Rendering the meaning of gesture, motion and rhythm | Arts & Culture

Rendering the meaning of gesture, motion and rhythm

Rendering the meaning of gesture, motion and rhythm

By Kerianne Tupac

The University Dance Company of the University of Michigan School of Music, Theatre & Dance (SMTD) presents “Translation,” an evening of four dance works. The evening features a restaging of “D-Man In The Waters (Part I),” the first movement of an award-winning 1989 dance choreographed by Bill T. Jones. Faculty members Amy Chavasse, Jessica Fogel, and Sandra Torijano create their own works for the program.

The concert plays on February 7 at 7:30PM, February 8 & 9 at 8PM and February 10 at 2PM at the Power Center for the Performing Arts. “Translation” features artistic direction by Judy Rice.

The concert begins with a pre-show interactive lobby performance-installation that transfers to the stage in choreographer Jessica Fogel’s “Hath Purest Wit: Anagrams for Eight Dancers and Thirteen Letters” Commissioned by U-M’s Arts Engine for the conference “The Role of Art-Making and the Arts in a Research University,” the work premiered in 2011 at the Duderstadt Center. The dance seeks to express a key neurocognitive element of the creative process — insight thinking. By continuously reconfiguring a set of letters to form and embody new phrases, the dancers solve puzzles that have many possible solutions.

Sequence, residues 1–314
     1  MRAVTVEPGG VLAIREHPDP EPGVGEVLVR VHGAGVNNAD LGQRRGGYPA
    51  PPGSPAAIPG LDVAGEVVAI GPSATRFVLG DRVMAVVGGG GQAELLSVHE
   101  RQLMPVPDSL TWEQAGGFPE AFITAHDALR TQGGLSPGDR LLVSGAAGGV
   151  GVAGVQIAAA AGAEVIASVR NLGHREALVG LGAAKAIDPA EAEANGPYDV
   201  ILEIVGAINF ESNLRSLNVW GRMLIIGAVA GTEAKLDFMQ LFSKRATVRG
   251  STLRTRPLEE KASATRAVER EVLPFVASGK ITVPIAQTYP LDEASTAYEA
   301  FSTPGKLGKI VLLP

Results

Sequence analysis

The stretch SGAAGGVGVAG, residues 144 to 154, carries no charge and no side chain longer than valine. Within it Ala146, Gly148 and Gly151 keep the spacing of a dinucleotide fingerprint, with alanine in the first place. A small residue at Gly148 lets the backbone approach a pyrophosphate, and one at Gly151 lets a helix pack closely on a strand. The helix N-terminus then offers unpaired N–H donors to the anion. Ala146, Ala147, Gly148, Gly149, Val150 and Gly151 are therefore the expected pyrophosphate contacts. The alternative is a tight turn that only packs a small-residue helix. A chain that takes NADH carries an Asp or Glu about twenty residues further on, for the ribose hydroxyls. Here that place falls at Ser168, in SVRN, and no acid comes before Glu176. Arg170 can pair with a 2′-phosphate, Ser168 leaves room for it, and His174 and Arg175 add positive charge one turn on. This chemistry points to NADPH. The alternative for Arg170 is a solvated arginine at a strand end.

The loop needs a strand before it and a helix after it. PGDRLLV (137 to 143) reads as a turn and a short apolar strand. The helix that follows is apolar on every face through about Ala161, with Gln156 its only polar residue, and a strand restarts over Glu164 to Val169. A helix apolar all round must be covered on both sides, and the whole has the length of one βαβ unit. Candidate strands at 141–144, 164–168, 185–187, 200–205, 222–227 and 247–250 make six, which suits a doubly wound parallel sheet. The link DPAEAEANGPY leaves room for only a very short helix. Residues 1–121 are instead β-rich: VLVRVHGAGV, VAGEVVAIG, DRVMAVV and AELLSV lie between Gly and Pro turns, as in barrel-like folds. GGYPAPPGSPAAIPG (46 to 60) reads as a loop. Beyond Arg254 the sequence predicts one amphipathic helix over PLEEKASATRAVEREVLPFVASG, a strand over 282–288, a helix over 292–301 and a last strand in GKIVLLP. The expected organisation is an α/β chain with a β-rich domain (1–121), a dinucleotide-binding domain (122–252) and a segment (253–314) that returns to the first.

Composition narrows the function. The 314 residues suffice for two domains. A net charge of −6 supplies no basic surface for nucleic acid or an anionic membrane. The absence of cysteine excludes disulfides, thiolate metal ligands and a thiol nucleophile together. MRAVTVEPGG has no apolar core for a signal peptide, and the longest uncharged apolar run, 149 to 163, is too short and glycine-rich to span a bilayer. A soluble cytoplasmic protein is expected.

A narrator, played by Professor of Theatre & Drama Leigh Woods, comments on the dancers’ actions throughout, quoting from Marcel Danesi’s “The Puzzle Instinct” and Lewis Caroll’s “Through the Looking-Glass.” The dance is set to a musical collage featuring the work of composer John Adams paired with pop-tunes. “Hath Purest Wit” features a scenic design by Kasia Mrozewska, costume design by Suzanne Young, and lighting design by Mary Cole.